Money:  Because Greece has had such terrible monetary problems, many restaurants and small businesses require cash.  ATMs may still limit how much you can withdraw.  Inquire ahead (your hotel staff will be very helpful online), and be prepared to be flexible.
Water:  Plenty of places sell safe bottled water for reasonable prices.  Keep a lot with you -- Santorini can be hot.
Food:  Oh boy, are your taste buds going to love this trip!  Dive into the fresh seafood, found everywhere, and traditional Greek favorites.  There is no shortage of great restaurants.  Don't be afraid to venture out into the smaller towns away from the touristy areas in Oia and Fira.
Lodging:  You can stay almost anywhere -- the island is small.  Shop around for the accommodations you desire.  Lovers and honeymooners -- stay in Oia!

See my "Volcano Primer" page to learn the rock types and features you'll see at a volcano.

The Island is shaped like a "C" with a volcanic island in the middle.  That means that no part of the island is very wide, and there are awe-inspiring views from almost everywhere.


Santorini Greece island volcano caldera Minoan eruption geology travel copyright rocdoctravel.com
Panorama of the caldera from Fira (Thera). The volcanic island Nea Kameni last erupted in 1950, and has recently shown signs of activity. Yes -- Santorini is still an active volcano! It also had a destructive earthquake in 1956.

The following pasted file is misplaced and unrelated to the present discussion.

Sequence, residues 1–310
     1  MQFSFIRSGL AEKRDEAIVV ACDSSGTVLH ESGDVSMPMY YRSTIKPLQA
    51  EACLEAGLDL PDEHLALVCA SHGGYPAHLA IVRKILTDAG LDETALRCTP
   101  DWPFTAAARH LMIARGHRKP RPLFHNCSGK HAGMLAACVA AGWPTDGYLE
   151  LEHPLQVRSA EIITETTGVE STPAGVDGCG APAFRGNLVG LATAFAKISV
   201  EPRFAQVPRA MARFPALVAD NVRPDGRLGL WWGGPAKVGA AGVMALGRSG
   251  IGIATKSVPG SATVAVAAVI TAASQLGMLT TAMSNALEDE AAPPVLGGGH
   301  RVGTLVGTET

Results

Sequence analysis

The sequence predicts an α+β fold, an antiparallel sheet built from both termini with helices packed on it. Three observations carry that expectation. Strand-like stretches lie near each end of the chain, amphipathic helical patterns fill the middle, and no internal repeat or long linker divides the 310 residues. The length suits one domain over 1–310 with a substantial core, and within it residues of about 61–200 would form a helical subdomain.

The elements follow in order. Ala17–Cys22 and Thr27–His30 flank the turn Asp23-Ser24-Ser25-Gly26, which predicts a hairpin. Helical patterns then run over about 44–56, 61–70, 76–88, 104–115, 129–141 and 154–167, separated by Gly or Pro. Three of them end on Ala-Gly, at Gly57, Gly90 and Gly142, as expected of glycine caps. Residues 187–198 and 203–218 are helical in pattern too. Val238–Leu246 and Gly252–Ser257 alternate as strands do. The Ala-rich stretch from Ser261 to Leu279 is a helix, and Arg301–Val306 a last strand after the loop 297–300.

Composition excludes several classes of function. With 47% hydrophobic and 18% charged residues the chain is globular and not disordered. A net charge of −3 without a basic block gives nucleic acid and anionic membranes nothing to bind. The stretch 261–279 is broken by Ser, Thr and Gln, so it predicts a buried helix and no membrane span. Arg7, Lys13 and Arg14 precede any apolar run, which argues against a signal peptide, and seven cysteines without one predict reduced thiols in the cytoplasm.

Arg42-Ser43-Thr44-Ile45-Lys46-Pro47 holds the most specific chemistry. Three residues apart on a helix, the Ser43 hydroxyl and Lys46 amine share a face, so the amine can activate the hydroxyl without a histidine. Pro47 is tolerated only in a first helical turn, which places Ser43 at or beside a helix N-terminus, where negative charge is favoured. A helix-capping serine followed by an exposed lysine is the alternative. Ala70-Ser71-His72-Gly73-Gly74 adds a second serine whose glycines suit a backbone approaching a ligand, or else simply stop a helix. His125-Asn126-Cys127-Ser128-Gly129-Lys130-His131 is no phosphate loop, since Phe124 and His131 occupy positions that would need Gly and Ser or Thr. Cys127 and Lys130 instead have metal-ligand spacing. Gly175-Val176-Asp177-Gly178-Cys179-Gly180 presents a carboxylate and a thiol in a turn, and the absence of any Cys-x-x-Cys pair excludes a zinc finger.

Santorini Greece island volcano caldera Minoan eruption geology travel copyright rocdoctravel.com
We stayed at the Tzekos Villas hotel, and absolutely loved it! Many hotels feature spectacular views like this.

Akrotiri  

36.351045, 25.402936  This is the "Pompeii of Greece," a town buried by the Minoan eruption in 1500 - 1625 BC, and it is not to be missed.  Follow the road signs, but have a good map with you (many are locally available).  It's at the south end of the island, toward the west, and it's down close to the beach.  The entrance is small, and is on the left just past the big parking lot.  It helps to look at Google Street View before you go.

You'll want a tour guide, and I recommend Nikos Kaldrimidis, the best tour guide I've ever had anywhere! I've not been able to find his current contact information, but perhaps you'll have better luck. If you want a real Greek experience and you liked your guide, see if you can go out to lunch with them, and let him or her pick the place.

Santorini Greece island volcano caldera Minoan eruption geology travel copyright rocdoctravel.com